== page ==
Science & Technology

McGill hosts speakers on the ethical and legal ramifications of stem cell research

On Nov. 1, the McGill Journal of Law and Health hosted a speaker series with the goal to explore the ethical and legal ramifications of stem cell research. Michel Tremblay, a professor in the Department of Biochemistry at McGill, was the first speaker. Tremblay began by giving the audience a brief history of stem cell research.

Stem cells, discovered at McGill in the 1950s, reproduce through mitosis to produce more stem cells. There are two main types of stem cells; embryonic and adult. A large number of these cells can be used to treat various diseases such as cancer, obesity, spinal cord injuries, and organ failures.

“The idea of [using] embryonic stem cells is good,’ Tremblay said. “However, it isn’t easy, and brings up a lot of ethical questions.”

Fortunately, in 2006, Shinya Yamanaka, a Japanese Nobel Prize winner in stem cells research, proved that it was possible to use cells other than embryonic cells. He discovered that fusing stem cells with tumor cells can render them more potent, as their gene expression becomes dominant over that of the tumor cell. This means that stem cells multiplied to the extent where they fully suppressed and wiped out the tumor cells.

Despite the advancement in stem cell research due to technology like CRISPR-Cas9, there are issues of designer babies, stem cell tourism, and stem cells for tissue and organ replacement. These technologies allow for the specific manipulation of genomes in any human stem cell, which bring to rise ethical questions that must be considered when conducting future research.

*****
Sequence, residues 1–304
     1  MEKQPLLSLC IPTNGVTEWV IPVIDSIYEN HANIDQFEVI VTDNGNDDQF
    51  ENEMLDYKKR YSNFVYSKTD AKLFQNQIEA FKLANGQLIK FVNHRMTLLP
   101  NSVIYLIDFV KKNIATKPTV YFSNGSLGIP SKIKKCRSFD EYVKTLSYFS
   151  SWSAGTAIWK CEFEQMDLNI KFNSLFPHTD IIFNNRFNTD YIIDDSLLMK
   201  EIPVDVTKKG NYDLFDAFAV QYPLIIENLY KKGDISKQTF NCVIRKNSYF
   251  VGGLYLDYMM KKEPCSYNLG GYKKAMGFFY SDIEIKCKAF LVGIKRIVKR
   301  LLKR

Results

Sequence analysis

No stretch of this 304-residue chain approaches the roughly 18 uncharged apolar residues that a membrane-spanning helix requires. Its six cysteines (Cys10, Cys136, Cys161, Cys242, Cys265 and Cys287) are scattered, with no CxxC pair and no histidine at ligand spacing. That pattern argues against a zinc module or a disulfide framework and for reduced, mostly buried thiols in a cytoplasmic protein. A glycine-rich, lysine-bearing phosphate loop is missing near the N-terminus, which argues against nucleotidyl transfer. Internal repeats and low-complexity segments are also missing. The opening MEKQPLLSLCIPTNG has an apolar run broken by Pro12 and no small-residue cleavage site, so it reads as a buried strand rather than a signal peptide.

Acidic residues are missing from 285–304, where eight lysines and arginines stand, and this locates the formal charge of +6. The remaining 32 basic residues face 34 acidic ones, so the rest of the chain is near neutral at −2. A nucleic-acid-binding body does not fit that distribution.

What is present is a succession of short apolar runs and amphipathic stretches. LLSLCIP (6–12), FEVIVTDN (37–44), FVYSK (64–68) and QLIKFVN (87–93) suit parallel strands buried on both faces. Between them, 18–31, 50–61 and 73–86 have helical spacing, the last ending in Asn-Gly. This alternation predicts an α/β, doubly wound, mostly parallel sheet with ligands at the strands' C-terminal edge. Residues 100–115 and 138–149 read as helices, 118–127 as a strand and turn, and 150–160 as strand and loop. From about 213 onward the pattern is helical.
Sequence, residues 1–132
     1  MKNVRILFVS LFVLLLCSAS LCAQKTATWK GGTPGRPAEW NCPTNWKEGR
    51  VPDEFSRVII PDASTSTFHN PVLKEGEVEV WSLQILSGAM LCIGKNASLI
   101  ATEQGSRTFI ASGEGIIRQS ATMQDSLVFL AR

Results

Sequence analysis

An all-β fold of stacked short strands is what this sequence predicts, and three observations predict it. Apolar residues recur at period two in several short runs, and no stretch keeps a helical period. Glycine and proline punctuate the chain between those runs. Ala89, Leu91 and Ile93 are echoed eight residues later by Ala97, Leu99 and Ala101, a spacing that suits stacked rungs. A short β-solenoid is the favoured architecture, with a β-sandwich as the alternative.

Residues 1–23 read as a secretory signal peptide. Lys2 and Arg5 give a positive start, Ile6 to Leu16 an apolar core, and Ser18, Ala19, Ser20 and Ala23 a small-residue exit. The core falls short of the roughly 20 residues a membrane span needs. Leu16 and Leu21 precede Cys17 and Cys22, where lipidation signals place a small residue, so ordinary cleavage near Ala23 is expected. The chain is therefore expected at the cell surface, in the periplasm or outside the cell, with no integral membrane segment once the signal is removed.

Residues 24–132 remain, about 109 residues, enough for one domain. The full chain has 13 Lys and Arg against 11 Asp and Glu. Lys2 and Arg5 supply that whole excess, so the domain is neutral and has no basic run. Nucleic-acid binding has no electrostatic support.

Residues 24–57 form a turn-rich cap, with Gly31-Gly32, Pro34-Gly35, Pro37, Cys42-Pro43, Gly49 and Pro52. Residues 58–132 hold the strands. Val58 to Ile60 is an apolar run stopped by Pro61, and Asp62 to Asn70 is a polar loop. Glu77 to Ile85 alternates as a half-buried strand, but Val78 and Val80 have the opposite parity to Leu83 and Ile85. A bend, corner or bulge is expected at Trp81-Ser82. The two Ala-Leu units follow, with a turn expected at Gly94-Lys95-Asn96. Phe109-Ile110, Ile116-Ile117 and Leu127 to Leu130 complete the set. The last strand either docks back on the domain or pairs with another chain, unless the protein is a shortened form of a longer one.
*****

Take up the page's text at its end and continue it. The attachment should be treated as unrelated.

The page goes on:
“Technology to mute certain gene expression will change the world,” Tremblay said.

William Stanford, associate professor in the Department of Cellular and Molecular Medicine at the University of Ottawa and researcher at the Ottawa Research Institute, spoke to these ethical issues of gene expression.

“The remarkable potential of stem cells to improve all spheres of biomedical research and treatment has spawn great competition due to lucrative potential of these technologies,” Stanford said.

With great power comes great responsibility, and despite the remarkable potential of stem cells, Stanford recognized there is still a need for a legal framework to mediate their applications and development–especially given that stem cell tourism, fake treatments, and non-clinically certified centres are growing and harming people. Stanford gave the example of a phony clinical trial in Florida that left 3 women blind because the procedure they underwent was not based on legitimate research and was essentially a money grab. Stanford warned that these fake treatments and trials are all too common.

Despite ethical concerns, it cannot be forgotten that stem cells have the power to save lives. William Brock, a guest speaker at the event, is a lawyer and partner at the Davies law firm, and a Leukemia survivor. Brock was told he had 8 months to live 13 years ago. One of his brother’s stem cells matched his own, and Brock underwent a stem cell transplant in Montreal.

“Society shouldn’t have the right to decide if I should have a life-saving treatment,” Brock said. “Whatever ethics looks like in Ivory castles, [it] looks different when you’re the one dying. For you, it’s an ethical issue for someone else, it’s their life.”

After Brock spoke, Trembly and Stanford recognized that his subjective nature of experience alters his viewpoint. They remained firm in the belief that due to its wildly immense potential, stem cell research and treatment and research must for the foreseeable future continue to be held to ethical and legal rules.

The speakers were eloquent, well informed, well received, and added more layers to the multi-faceted topic of stem cell research and treatment. In the future, more questions are expected to be raised and solved in Canada. At McGill today, students and staff are living not only in the age, but in the place of discovery about stem cell research. Stanford emphasized that Canada is an important player in the field.

“If hockey is Canada’s sport, stem cell science is Canada’s research,” Stanford said.

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